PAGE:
W3C home > Mailing lists > Public > public-html-comments@w3.org > December 2010

Re: Comments on HTML Microdata, W3C Working Draft 24 June 2010

From: Nathan <nathan@webr3.org>
Date: Tue, 07 Dec 2010 19:28:59 +0000
Message-ID: <4CFE8AFB.6070204@webr3.org>
To: Ian Hickson <ian@hixie.ch>
CC: public-html-comments@w3.org, Thomas Baker <tbaker@tbaker.de>
Ian Hickson wrote:
> On Tue, 7 Dec 2010, Nathan wrote:
>> Ian Hickson wrote:
>>> I've used dce: and dct:, since now the example has both.
>> A general comment, microdata appears to be incredibly verbose for 
>> authors when using multiple vocabularies to describe things, the example 
>> at http://dev.w3.org/html5/md/#examples is almost painful to read, let 
>> alone write.
>> Is there no way to reduce the repetition of long URIs for properties and 
>> types as illustrated by the Turtle equivalent in the referred to 
>> example? Does HTML or Microdata cater for this in any way?
> When we did the usability studies for this we found that in practice (and 
> much to my surprise) the verbosity had no impact on the usability of the 
> language, so we didn't do anything to reduce it.

I'd love to see those results, any chance of a link to them? as they 
seem to conflict with almost all usage of URIs I've seen in both the 
general development community (for instance usage of relative vs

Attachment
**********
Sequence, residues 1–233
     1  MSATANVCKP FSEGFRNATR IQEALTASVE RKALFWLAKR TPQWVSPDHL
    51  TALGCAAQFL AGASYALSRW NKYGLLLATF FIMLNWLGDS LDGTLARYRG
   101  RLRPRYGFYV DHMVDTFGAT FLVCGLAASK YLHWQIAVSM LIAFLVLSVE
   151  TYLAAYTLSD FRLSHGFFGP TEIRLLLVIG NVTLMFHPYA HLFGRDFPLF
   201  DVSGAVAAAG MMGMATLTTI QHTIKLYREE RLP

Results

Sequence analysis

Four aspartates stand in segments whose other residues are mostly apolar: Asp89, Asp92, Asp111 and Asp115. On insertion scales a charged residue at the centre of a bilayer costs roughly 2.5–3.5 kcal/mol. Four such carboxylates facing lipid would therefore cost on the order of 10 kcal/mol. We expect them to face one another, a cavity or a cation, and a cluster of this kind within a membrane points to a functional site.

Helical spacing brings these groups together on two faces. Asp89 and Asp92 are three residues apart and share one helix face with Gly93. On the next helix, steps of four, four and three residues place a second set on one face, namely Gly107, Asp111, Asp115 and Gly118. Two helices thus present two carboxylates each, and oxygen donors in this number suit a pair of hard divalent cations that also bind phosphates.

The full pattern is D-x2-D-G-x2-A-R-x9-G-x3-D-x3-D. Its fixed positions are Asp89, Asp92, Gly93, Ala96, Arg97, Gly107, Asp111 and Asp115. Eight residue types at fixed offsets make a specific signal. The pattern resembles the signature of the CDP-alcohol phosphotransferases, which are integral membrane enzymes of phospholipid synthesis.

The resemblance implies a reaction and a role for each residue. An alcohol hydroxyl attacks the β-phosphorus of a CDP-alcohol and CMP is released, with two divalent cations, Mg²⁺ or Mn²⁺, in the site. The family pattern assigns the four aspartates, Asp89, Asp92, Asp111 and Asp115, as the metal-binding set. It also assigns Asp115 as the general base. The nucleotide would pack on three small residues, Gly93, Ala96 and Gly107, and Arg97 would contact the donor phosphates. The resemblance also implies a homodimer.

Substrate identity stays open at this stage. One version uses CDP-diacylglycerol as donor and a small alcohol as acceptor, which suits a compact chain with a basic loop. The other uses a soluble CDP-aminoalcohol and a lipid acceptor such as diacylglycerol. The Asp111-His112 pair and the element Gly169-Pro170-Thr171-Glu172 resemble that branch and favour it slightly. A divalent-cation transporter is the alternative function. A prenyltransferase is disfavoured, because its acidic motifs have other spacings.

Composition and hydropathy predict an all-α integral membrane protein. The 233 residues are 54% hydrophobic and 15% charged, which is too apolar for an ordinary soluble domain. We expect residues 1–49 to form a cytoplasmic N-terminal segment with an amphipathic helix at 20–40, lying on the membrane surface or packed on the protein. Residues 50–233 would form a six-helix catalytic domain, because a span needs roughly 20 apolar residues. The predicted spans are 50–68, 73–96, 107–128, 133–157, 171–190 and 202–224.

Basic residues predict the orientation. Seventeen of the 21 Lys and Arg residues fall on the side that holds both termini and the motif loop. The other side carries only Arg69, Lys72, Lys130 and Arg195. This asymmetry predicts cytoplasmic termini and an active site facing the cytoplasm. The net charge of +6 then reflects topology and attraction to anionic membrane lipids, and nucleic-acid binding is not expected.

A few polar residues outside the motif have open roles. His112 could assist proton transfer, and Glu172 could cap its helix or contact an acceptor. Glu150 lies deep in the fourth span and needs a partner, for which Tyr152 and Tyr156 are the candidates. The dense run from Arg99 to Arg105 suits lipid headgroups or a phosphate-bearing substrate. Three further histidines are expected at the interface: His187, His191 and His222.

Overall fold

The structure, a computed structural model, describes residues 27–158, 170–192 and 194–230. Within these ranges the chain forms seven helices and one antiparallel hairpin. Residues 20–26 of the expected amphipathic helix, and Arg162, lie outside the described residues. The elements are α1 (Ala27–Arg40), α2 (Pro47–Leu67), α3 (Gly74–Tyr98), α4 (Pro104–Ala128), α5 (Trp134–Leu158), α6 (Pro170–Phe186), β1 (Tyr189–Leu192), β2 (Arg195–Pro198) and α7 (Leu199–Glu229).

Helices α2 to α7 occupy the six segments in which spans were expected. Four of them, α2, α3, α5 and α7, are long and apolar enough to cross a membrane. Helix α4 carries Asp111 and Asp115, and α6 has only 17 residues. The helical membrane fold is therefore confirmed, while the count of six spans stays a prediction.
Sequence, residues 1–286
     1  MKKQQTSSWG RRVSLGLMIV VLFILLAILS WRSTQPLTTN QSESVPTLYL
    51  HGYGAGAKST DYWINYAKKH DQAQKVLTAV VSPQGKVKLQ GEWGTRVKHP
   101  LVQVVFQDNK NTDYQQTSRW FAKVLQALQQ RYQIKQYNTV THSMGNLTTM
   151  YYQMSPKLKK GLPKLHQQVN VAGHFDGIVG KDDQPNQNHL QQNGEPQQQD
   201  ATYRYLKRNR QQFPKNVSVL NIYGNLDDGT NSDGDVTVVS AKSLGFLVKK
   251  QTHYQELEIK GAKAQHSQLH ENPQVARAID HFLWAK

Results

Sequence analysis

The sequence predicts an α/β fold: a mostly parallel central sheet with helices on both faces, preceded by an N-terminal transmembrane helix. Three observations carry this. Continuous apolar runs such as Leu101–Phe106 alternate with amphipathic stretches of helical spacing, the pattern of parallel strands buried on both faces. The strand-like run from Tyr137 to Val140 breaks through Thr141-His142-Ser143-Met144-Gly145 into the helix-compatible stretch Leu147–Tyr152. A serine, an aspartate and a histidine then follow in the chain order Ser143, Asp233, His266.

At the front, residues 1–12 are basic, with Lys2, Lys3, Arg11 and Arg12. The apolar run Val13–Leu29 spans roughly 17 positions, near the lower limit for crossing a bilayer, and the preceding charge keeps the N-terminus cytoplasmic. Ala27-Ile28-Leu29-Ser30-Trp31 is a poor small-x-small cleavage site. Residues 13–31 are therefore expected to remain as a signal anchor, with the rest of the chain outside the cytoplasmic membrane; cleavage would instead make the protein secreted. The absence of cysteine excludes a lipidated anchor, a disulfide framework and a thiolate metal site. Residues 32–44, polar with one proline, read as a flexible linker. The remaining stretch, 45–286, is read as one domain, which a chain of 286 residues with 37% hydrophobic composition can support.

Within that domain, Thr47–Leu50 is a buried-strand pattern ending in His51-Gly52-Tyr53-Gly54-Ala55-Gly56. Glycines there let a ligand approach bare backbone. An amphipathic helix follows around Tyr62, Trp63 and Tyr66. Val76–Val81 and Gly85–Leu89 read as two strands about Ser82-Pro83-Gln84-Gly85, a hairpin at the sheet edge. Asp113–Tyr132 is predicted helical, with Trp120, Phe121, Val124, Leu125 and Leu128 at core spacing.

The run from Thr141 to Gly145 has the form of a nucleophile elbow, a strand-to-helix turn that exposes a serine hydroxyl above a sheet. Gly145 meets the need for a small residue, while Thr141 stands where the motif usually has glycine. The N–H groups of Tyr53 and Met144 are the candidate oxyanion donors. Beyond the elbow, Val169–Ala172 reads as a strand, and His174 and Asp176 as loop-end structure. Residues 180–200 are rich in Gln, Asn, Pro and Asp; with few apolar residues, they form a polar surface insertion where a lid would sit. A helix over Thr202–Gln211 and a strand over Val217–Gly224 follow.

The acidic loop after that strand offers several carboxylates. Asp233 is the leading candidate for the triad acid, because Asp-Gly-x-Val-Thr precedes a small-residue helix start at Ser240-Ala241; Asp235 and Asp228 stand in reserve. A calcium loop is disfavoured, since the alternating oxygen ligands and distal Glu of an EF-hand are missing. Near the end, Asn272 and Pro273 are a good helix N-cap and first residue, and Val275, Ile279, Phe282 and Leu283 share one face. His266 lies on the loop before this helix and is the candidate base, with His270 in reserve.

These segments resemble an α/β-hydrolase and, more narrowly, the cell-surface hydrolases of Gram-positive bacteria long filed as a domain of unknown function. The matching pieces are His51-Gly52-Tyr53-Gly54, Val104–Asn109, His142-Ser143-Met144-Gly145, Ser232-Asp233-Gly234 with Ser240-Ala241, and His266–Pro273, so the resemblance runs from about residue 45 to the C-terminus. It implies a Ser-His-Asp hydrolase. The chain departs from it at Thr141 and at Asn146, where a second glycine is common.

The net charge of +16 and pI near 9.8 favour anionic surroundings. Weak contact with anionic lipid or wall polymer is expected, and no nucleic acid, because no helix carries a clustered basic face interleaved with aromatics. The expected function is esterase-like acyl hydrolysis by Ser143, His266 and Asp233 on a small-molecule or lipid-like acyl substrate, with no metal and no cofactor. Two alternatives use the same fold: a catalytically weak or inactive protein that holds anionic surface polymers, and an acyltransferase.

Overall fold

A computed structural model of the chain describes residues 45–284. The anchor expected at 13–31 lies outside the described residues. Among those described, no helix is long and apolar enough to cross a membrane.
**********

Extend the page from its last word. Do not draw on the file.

absolute URIs in documents) and in the semantic web community 
(widespread use of prefixes everywhere, essentially the same as relative 
URIs but where the base differs from that of the "current" document).

> Furthermore, in practice, most use cases for microdata don't involve 
> multiple vocabularies but a single vocabulary explicitly named using 
> itemtype="", for which the vocabulary's short names are used.

If I understand correctly, that's because microformats constrain 
vocabularies to only describing a single type of thing, and this has 
spilled through in to microdata thus constraining descriptions of things 
to only use a single vocabulary. I'd be very surprised, shocked even, to 
find that this covered most use cases, and whilst I can see how simple 
usage may be common in the early days, moving forwards ever more complex 
usage and descriptions are sure to become common place - just as people 
no use far more than just <a> <b> <i> and <p> in html.


Received on Tuesday, 7 December 2010 19:29:55 UTC

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